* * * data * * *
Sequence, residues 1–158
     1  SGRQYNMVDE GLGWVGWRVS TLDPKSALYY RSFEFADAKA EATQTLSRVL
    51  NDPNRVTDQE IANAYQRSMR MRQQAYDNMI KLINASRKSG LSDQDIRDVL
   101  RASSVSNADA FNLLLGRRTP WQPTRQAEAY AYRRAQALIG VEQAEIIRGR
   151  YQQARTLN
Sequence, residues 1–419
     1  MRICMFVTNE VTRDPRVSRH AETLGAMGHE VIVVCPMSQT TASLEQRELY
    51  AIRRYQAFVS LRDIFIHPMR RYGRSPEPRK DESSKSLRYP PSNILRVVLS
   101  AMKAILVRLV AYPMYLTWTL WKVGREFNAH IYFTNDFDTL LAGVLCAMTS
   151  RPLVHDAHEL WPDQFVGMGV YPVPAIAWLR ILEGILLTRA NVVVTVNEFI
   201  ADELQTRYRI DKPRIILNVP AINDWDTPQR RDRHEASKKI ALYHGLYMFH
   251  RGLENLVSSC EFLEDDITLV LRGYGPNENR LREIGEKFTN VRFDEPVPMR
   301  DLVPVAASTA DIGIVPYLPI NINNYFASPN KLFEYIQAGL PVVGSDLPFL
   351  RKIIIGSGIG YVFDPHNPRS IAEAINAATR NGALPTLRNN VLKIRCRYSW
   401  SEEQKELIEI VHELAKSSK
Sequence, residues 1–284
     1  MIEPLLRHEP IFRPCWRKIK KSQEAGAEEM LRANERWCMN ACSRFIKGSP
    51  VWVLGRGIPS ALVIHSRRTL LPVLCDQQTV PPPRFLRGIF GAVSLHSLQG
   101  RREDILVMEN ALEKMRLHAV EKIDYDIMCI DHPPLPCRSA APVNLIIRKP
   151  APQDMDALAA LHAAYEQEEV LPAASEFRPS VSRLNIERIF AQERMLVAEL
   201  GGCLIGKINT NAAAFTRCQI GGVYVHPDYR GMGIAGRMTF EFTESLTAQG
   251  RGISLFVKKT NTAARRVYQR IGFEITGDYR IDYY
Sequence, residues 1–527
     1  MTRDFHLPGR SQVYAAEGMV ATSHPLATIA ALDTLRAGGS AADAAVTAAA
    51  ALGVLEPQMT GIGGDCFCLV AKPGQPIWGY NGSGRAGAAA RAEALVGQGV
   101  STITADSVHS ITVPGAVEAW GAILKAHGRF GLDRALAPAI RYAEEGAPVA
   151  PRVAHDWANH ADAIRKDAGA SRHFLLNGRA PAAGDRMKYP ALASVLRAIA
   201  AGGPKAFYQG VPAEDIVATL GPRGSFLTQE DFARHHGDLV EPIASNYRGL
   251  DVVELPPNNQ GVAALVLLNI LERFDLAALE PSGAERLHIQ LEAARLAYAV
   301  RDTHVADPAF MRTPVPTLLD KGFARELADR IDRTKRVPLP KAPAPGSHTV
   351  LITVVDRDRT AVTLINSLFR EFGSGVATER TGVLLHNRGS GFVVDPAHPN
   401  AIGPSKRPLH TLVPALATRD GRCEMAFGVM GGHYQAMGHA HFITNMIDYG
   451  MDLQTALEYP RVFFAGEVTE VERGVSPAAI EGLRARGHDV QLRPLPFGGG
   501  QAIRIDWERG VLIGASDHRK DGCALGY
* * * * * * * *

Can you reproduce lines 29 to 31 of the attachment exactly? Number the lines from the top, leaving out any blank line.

   251  DVVELPPNNQ GVAALVLLNI LERFDLAALE PSGAERLHIQ LEAARLAYAV
   301  RDTHVADPAF MRTPVPTLLD KGFARELADR IDRTKRVPLP KAPAPGSHTV
   351  LITVVDRDRT AVTLINSLFR EFGSGVATER TGVLLHNRGS GFVVDPAHPN